Too Much Speculation Is Ruining Our Favorite Movies

From 'Star Wars' to superheroes, fans love forecasting movies like sporting events. But is it a good thing? 

Spoiler alert: Going online can not only result in actual spoilers for your favorite franchise, but also a bevy of potential spoilers in the form of fan theories, speculation, and plain-old-non-educated guesses. From analyzing every single pixel of the latest Rogue One photos, to parsing out interviews with creators, producers, actors, and CEOs of studios, it’s become the province of mega-fans and culture reporters to try and figure stuff that might happen in big films before those films actually come out. The phrase “highly-anticipated” used to mean exactly that: a lot of people were excited about a film. But now, if something is highly anticipated, it also means it’s been completely dissected, and oddly even had an autopsy performed before the film is even released. There’s plenty of evidence that “spoilers” don’t “spoil” anything at all. But what about preconceived opinions?

Think about it: if you’re a superfan of sci-fi, fantasy, or superhero movies, when was the last time you saw a movie on opening day with zero preconceived opinions about how you’d feel about it? The 90’s? How was it possible for you to not go into Batman V Superman or Captain America: Civil War without even a little bit of positive or negative bias in either direction? Chances are, for most people, pre-buzz probably made your mind up for you, or at the very least, nudged you in one direction or another.

Metrics for gauging pre-release buzz are tricky, though with social media dominating the way fans communicate about their favorite properties, it, in turn, has become a way for journalists to keep an eye on what “the kids” are into these days. Right now, Suicide Squad’s marketing is an interesting example because its courting of various audience demographics seems to have given it the status of most “buzzed-about” movie of this summer. While this buzz might not have any real causation in terms of box-office numbers or critical reviews, there does appear to be some kind of emerging correlation.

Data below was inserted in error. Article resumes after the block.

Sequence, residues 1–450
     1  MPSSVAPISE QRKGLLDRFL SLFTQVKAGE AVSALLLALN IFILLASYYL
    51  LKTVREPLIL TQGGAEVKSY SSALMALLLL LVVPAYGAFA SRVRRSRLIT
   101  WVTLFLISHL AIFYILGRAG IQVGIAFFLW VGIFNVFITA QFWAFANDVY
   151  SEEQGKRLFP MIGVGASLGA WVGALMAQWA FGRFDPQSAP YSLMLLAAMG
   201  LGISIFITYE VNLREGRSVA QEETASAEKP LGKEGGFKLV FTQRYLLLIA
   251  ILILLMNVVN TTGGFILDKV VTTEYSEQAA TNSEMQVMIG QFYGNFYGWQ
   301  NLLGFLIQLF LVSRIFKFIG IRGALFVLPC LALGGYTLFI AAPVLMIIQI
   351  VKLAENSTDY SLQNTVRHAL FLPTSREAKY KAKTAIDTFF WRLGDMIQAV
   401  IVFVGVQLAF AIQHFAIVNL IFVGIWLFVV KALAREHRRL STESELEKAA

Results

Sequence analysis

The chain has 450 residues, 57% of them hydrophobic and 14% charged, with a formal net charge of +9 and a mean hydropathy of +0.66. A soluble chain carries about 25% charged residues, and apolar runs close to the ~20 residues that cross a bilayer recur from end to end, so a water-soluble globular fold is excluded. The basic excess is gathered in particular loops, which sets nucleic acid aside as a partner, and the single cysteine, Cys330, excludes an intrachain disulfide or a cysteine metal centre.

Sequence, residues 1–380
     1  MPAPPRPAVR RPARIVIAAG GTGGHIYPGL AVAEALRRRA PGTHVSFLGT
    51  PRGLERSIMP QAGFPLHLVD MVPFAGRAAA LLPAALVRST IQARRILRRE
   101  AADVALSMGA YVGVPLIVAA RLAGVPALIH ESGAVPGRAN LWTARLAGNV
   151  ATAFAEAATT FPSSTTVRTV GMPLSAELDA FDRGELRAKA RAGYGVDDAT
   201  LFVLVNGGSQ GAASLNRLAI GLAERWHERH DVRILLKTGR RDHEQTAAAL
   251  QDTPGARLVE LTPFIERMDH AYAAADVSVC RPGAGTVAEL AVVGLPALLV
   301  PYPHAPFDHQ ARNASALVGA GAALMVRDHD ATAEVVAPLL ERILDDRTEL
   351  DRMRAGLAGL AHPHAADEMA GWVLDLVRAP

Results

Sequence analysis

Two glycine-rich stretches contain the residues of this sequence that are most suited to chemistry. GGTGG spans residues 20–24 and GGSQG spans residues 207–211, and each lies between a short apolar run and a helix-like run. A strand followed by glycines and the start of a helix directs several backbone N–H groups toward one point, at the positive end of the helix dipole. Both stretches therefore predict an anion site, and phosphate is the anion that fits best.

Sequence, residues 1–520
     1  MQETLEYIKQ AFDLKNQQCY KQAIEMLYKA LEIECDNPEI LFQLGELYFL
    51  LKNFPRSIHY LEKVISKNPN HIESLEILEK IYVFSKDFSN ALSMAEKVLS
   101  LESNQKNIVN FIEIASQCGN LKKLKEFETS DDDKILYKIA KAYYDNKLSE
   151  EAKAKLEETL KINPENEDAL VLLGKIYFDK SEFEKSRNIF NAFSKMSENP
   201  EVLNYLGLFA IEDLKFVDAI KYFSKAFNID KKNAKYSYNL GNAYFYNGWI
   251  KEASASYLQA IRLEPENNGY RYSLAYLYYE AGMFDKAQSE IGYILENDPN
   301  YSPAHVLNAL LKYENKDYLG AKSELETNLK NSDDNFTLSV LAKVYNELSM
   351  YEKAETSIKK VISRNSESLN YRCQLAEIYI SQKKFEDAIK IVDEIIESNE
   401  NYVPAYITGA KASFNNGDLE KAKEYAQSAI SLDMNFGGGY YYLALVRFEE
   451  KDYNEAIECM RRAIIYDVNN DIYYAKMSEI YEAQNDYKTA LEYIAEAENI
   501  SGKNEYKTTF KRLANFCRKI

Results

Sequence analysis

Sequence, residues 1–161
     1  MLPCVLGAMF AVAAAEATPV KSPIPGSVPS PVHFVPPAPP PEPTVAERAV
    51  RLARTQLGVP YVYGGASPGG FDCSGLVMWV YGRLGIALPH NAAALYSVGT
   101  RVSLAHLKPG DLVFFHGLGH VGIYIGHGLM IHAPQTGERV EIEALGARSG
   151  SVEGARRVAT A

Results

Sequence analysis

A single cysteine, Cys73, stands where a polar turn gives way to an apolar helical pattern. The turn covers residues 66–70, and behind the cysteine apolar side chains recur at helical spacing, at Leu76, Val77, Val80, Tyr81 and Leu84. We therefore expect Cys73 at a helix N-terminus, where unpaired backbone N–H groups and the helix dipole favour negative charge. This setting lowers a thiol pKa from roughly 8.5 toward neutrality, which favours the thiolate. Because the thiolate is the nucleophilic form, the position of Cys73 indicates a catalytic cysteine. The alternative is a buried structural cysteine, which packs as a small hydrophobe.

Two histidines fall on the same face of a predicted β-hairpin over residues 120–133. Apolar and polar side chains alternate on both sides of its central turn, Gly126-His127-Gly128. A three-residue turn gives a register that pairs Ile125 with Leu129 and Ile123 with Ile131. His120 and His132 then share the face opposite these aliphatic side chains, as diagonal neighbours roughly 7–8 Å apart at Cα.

If enough professionals repeat the idea that something is being marketed well, a feeling of “rooting” for that film emerges. Guardians of the Galaxy accomplished this in 2014 by hitting humor and nostalgia buttons expertly to get people jazzed about a collection of characters most people had never heard of, nor cared about previous to its inception. Brand loyalty to the Marvel Cinematic Universe certainly helped, but confirmation bias about wanting this movie to be as good as everyone said it was going to be, helped more.

In psychology, confirmation bias is defined as “the tendency to interpret new evidence as confirmation of one’s existing beliefs or theories.” So, if you went into Guardians of the Galaxy excited to see it, then, there’s a chance the various things in the movie confirmed your bias, and then caused a lot of people to say: This movie is this generation’s ‘Star Wars!’ This is closely related to the phenomenon of “priming,” which asserts that exposure to certain stimulus “primes” your brain for interaction with similar stimulus later.